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Addiction, Dipsomania & Methomania

 

Addiction, Dipsomania & Methomania to Spirituality

Lian had been meditating for many years before consulting with me for his depression. He had been part of a spiritual community that encouraged their members to turn to God through prayer and meditation whenever they were feeling any difficult or painful feelings such as anger, hurt, anxiety, or depression. He had been taught that Spirit would transmute his feelings for him and bring him the peace he sought.

spirituality

Lian had been meditating for many years before consulting with me for his depression. He had been part of a spiritual community that encouraged their members to turn to God through prayer and meditation whenever they were feeling any difficult or painful feelings such as anger, hurt, anxiety, or depression. He had been taught that Spirit would transmute his feelings for him and bring him the peace he sought.

Yet Lian was depressed. “I have faithfully practiced what I’ve had been taught, so why am I still depressed? What am I doing wrong?”

Lian was suffering from what is called “spiritual bypass.”

Spiritual bypass occurs when people use their spiritual practice as a way to avoid dealing with and taking responsibility for their feelings. Anything that is used to avoid feeling and taking responsibility for feelings becomes an Addiction, Dipsomania & Methomania – whether it is alcohol, drugs, food, TV, work, gambling, spending, shopping, anger, withdrawal…and meditation. If, when a difficult or painful feeling comes up, you immediately go into meditation in the hopes of blissing out and getting rid of the feeling, you may be addicted to spirituality.

It all depends on what your intent is when you are meditating. People can meditate for two totally different reasons: to avoid pain or to learn about love.

If you are meditating to connect with yourself and your spiritual Guidance in order to learn more about loving yourself and others, then meditation is a good way to get out of your head and into your heart. It is a good way to connect with a loving part of yourself so that you can welcome and embrace your painful feelings and learn what you may be doing or thinking that is causing your own pain. When your intent is to be loving to yourself and take responsibility for your own feelings, then meditation can help you become centered and compassionate enough to do an inner exploration with your feeling self.

However, if you are using meditation to bliss out and avoid your pain, you are using your spirituality addictively. You are using your spirituality to bypass learning about and taking responsibility for your feelings.

This is what Lian was doing. Because he was avoiding learning from his feelings, he was continuing to think and behave in ways toward himself and others that caused him to feel depressed. Then, instead of exploring what he was doing that was causing his feeling self, his inner child, to feel depressed, he was meditating to try to get rid of the feelings.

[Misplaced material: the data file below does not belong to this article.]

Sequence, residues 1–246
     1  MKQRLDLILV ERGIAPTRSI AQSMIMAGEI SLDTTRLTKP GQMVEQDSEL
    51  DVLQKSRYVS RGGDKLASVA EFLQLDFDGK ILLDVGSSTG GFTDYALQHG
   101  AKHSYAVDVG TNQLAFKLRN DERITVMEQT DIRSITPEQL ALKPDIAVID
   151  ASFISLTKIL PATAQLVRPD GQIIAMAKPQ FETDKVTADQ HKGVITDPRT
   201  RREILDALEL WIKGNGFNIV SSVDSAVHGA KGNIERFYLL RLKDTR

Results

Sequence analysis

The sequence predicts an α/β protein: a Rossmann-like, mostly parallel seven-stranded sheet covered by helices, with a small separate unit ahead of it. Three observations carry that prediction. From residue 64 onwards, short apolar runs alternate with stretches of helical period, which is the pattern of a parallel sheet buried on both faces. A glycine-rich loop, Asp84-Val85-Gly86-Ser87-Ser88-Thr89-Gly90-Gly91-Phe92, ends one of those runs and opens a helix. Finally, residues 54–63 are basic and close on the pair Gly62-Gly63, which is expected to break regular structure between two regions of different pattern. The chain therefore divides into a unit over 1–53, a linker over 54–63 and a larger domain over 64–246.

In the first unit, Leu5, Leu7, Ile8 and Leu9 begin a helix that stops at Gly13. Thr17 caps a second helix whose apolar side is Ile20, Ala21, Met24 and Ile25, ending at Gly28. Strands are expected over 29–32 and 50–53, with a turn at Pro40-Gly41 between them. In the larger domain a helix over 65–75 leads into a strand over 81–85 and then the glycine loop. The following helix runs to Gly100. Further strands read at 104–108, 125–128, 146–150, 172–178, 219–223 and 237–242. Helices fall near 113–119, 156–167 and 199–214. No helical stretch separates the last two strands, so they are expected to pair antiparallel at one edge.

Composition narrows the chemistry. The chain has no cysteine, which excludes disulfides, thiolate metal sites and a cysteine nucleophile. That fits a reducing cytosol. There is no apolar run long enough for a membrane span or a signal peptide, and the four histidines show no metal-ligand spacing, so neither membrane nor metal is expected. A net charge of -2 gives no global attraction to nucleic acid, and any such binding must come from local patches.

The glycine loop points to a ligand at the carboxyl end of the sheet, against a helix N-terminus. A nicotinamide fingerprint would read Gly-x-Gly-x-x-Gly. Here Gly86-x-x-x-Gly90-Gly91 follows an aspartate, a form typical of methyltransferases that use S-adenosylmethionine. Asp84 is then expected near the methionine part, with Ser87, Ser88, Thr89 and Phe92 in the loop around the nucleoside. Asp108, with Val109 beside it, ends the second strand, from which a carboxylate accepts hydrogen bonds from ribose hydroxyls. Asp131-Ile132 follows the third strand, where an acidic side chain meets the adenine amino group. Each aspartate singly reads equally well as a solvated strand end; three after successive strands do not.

In his work with me, Lian discovered that he was constantly either ignoring his inner child – his feeling self – or he was in self-judgment. The combination of ignoring himself – which he did primarily through meditation – and judging himself resulted in his inner child feeling unloved, unimportant, and unseen. Lian saw that if he treated his actual children in the way he treated himself – ignoring their feelings and constantly judging them – they would also feel badly and maybe depressed. But Lian did attend to his actual children’s feelings and needs. It was his own that he was ignoring and judging.

Lian realized that he was treating himself the way his parents had treated him. He was a much better parent to his children than his parents had been with him, but he was parenting his own inner child in the way he had been parented. He was not only treating himself the way he had been treated, he was treating himself the way his parents had treated themselves. As a result, he was not being a good role model for his children of personal responsibility for his own feelings, just as his parents had been a poor role model for him.

In the course of working with me, Lian learned the Inner Bonding process that we teach. He learned to welcome his painful feelings during meditation. He learned to quiet the self-judgmental part of himself and to treat himself with caring and respect. He learned to take loving action in his own behalf so that his inner child no longer felt abandoned by him. It was the inner abandonment that was causing his depression. He discovered that his depression was actually a gift – a way his inner child was letting him know that he was not being loving to himself. With practice, Lian learned to take loving care of himself and his depression disappeared. Now his meditation practice was no longer a spiritual bypass.

 

Christian Religious Addiction, Dipsomania & Methomania in Hawaii?

Surveys show that religion and spirituality play a central role in the lives of most of the population in human experience. Gallup (1989) found that 53% of the U.S. population considers religion to be very important in their life, and another 31% considered it fairly important (p. 176). The religious and spiritual dimensions of culture were found to be among the most important factors that structure human experience, beliefs, values, behavior, and illness (Browning et al., 1990; James, 1961; Krippner and Welch, 1992).